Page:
Renault had to reduce power for early 2019 F1 races due to conrod

Renault Formula 1 boss Cyril Abiteboul has revealed that a conrod reliability issue handicapped the firm's engines in the first part of the 2019 season, but has now been addressed

Renault had to reduce power for early 2019 F1 races due to conrod

While it was well known that Renault had suffered some MGU-K issues this year, the fundamental problem with its V6 had hitherto been kept under wraps.

It came to light for Renault when Nico Hulkenberg retired in the second race of the season in Bahrain, forcing the team to adopt "containment measures" that reduced performance in China and Azerbaijan while a solution was sought.

That was implemented when all four Renault-powered cars took new V6s at Barcelona and, having initially run them in a conservative mode in Spain, Renault is now confident enough to turn the engines up from this weekend in Monaco.

"This winter we were given the opportunity to properly focus on power gain, and competitiveness gain," said Abiteboul.

"What it meant was we consciously decided to focus on performance, to the detriment of reliability.

"It means that a number of engines that should have been used on the dyno to secure reliability were actually used to develop performance.

"What it meant was a very good start in terms of engine power, but reliability that was below standard.

"Two reasons, one which you know which was the MGU-K, and one which you don't know, which was that Nico's failure in Bahrain was actually a conrod failure - so typically a part that you don't want to break, because it's a part at the bottom of the engine, and a fundamental part."

Abiteboul admitted performance was compromised at Shanghai and Baku as Renault could not use full power.

"It was a problem that we didn't identify over the winter, we didn't really have a back-up plan, but at the same time I can say that it was a blow for the organisation that meant some containment measures after the race that was massively reducing the power that was delivered for the following races," he said.

"I can tell you it was also an amazing reaction from everyone involved, and in five weeks we managed to identify the problem, understand the problem, come up with a new design, source new parts, test the parts, sign off the parts on complete cycles, and build new engines in enough quantity for ourselves and McLaren in time for Spain.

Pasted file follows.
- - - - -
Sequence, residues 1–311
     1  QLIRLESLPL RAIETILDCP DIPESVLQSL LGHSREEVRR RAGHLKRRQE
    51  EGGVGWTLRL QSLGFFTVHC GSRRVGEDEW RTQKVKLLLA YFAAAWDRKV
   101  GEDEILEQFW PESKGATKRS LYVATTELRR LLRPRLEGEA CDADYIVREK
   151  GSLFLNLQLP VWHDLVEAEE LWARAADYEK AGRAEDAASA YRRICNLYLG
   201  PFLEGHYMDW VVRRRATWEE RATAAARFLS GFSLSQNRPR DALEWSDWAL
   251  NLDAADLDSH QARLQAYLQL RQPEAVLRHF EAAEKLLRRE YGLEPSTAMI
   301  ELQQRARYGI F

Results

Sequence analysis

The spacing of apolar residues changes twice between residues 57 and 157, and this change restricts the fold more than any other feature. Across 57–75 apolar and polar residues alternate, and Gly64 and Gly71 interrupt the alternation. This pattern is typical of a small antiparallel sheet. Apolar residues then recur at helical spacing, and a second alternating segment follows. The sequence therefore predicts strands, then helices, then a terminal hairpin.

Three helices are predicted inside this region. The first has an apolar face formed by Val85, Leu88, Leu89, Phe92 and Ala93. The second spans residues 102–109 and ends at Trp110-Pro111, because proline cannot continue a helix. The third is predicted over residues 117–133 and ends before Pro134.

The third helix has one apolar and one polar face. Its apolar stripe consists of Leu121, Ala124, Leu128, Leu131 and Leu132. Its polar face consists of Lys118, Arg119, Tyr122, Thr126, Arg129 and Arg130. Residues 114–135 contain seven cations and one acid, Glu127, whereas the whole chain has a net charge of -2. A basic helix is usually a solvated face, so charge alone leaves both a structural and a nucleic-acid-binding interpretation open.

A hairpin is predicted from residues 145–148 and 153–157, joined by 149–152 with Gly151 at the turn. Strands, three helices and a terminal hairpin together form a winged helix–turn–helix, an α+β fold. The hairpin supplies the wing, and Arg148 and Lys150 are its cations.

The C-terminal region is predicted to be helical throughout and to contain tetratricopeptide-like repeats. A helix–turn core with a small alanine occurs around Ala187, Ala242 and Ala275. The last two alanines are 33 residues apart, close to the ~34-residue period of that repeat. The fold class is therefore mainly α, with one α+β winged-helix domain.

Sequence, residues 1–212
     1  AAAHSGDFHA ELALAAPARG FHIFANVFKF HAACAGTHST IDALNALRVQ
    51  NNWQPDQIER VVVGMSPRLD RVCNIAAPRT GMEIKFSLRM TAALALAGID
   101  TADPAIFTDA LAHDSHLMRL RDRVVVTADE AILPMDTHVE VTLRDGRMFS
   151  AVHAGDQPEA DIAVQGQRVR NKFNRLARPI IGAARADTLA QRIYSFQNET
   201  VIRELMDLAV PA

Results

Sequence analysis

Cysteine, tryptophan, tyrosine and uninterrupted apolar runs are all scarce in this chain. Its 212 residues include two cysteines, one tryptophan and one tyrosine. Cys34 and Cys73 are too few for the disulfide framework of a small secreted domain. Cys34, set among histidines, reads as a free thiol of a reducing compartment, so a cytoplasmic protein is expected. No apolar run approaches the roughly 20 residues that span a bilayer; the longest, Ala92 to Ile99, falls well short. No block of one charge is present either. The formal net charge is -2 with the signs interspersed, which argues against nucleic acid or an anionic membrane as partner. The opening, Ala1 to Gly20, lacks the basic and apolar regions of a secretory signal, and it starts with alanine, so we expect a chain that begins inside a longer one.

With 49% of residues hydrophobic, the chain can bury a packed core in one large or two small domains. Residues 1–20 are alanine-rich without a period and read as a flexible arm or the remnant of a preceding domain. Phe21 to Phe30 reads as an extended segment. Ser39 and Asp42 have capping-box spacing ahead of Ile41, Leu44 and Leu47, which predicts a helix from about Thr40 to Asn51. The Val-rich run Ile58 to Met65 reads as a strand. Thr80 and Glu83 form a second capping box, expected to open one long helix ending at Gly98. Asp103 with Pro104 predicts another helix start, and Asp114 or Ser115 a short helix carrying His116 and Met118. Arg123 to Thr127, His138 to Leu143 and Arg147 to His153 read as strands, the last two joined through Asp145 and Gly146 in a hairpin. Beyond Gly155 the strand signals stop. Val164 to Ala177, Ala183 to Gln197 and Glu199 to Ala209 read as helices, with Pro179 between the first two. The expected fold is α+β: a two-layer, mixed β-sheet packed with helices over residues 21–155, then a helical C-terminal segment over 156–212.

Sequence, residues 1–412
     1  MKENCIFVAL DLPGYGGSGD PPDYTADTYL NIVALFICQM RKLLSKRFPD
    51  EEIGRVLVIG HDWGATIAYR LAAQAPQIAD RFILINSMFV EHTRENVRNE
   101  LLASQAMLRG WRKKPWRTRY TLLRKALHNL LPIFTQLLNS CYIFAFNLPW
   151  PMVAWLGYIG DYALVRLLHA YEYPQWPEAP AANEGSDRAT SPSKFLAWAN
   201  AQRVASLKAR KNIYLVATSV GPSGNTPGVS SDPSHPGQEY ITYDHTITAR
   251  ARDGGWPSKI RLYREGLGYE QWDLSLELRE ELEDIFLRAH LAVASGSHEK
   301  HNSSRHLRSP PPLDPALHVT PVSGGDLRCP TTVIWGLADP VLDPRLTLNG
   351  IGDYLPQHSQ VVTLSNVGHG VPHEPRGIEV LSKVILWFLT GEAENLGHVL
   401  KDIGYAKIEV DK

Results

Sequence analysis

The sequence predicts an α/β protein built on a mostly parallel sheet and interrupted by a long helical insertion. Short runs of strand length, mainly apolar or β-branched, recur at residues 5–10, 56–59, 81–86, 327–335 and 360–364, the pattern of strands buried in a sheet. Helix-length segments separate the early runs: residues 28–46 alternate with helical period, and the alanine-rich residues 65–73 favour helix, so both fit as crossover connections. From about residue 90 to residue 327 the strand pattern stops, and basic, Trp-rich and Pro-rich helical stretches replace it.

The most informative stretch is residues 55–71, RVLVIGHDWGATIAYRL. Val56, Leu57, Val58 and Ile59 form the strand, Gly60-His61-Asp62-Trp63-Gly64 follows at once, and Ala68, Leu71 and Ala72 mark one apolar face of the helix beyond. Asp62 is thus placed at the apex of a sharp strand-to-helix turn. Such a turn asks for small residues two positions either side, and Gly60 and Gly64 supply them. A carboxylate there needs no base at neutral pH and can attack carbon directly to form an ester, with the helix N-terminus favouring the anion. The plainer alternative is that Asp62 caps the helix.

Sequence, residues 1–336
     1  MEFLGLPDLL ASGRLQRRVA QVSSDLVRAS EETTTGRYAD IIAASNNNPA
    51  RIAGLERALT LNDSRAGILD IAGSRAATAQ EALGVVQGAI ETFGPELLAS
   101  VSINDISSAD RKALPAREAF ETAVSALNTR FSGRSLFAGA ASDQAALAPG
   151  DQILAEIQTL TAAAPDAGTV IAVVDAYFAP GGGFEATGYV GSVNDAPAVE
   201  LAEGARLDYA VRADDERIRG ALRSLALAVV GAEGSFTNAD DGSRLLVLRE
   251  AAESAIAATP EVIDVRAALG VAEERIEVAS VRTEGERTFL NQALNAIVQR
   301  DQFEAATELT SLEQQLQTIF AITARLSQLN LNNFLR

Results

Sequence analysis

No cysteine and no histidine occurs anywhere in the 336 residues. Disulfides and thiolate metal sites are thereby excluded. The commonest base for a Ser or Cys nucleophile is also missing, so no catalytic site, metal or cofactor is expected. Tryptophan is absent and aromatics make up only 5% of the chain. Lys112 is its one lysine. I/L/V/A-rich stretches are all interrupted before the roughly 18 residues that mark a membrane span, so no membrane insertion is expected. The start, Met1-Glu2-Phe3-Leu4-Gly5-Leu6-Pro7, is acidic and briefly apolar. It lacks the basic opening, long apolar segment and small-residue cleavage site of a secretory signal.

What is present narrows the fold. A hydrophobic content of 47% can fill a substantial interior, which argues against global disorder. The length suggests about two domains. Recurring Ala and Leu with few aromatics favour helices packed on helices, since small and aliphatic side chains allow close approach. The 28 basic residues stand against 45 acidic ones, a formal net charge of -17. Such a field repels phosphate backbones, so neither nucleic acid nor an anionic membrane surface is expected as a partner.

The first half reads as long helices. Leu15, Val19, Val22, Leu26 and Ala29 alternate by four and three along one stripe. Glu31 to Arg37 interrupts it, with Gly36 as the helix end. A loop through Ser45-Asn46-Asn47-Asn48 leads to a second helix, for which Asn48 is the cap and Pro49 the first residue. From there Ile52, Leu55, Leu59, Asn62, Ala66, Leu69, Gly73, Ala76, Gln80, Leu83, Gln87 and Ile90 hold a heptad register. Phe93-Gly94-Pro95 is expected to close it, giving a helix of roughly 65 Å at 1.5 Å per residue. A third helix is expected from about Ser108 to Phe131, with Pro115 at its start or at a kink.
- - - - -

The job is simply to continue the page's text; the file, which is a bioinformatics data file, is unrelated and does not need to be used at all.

"So that was the reason for the introduction of the new engine in Spain."

Abiteboul is confident that Renault is now able to use its engine's full potential.

"In Barcelona we've done one step of power, not the full, because we wanted to get the feedback of Barcelona, and do some inspection, and make sure that everyone was OK," he said.

"But there will be another step from this weekend onwards, so basically we are back to the competitiveness level of the engine at the season start - which was really strong.

"Just to put some figures into perspective, the gain that we were aiming to make over 12 months on the engine side was 50kW, we've done 40 and we're aiming to do another 10 over the course of the season, in the best mode.

"From our analysis we see we are now the same level as Ferrari and Mercedes in the race, and behind Ferrari in qualifying - when we will be back to that level which is the case from this weekend on."

Abiteboul conceded that it was hard to convince sceptics that Renault has made progress.

"The problem is that by losing Red Bull we are losing the opportunity to demonstrate the progress of the engine," he said.

"We knew that, that is why we need to pick up from where Red Bull left it and demonstrate with our own team the progress of the engine.

"Anyone who is a bit of a professional in F1 would be able to look at the top speed, look at the GPS, and see exactly what is going on.

"OK there are downforce levels that are chosen that can be a bit different, but we see a trend and the trend in my opinion doesn't lie."


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